Consumer-Driven Medicine: How Digital and Mobile Technologies Can Improve Health Care
Physicians, hospitals, the pharmaceutical industry, insurance companies and government agencies dominate American health care, with patients largely left out of the process. Imagine a different system, where, with the aid of the Internet, electronic medical records, cell phones, and remote monitoring devices, the patient is in charge. People monitor their own weight, blood pressure, pulse, and sugar levels, and send test results via remote devices to health care providers. Patients take responsibility for their routine health care and rely on physicians and hospitals for more serious medical conditions.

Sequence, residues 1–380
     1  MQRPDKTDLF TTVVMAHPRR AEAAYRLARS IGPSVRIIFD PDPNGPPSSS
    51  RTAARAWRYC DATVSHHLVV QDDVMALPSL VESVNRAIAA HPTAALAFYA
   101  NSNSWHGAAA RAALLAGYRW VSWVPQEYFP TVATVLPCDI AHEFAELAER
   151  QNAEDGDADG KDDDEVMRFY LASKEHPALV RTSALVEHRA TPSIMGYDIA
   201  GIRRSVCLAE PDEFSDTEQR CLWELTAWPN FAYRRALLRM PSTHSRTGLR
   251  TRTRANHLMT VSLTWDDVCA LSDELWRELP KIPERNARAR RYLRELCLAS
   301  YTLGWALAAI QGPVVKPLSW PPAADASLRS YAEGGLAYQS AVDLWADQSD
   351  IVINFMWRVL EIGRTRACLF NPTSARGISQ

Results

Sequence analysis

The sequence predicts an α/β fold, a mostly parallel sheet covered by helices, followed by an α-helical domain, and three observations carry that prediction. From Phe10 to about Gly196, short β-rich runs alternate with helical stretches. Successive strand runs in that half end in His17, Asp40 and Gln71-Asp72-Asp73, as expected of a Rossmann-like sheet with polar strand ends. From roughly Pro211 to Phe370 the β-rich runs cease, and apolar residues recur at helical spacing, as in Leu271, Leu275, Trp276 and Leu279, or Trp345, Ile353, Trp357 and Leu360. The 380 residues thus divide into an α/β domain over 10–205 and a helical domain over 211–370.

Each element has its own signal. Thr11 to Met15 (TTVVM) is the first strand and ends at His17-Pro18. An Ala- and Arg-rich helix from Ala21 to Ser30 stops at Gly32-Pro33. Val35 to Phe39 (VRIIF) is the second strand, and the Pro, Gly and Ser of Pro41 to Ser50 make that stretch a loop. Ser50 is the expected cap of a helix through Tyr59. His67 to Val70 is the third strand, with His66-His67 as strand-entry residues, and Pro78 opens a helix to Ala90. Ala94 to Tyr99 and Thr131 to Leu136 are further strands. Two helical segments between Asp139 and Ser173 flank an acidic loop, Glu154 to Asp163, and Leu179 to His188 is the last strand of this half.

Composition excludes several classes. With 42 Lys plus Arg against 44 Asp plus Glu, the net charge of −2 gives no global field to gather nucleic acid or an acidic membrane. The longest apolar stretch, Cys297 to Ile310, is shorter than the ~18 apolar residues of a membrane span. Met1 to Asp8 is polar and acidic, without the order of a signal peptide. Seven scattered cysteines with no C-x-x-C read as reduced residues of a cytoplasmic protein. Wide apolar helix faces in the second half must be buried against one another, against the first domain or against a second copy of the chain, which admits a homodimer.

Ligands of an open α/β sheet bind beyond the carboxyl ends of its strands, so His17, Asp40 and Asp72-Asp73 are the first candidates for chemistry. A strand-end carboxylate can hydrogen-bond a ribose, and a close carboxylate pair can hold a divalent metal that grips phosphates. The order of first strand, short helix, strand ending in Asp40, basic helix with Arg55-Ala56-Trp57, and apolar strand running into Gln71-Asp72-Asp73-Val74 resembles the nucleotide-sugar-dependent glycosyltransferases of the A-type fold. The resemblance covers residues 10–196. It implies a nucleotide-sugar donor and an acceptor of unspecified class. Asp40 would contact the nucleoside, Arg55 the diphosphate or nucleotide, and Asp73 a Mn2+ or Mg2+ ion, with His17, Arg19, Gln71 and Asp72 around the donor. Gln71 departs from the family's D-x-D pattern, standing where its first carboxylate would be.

On October 8, The Brookings Institution hosted a policy forum to discuss how digital technology could empower patients and enhance the American health care system. Brookings Vice President Darrell West presented a paper, Customer-Driven Medicine: How To Create A New Health Care System, and a panel of experts explored ways to create a more personalized system of health care that improves quality while also reducing costs.
“The 21st century has revalued these small geographies. That’s what the 21st century demands,” Katz said, noting that these days, “[w]e aren’t innovating in isolated business parks” in the suburbs.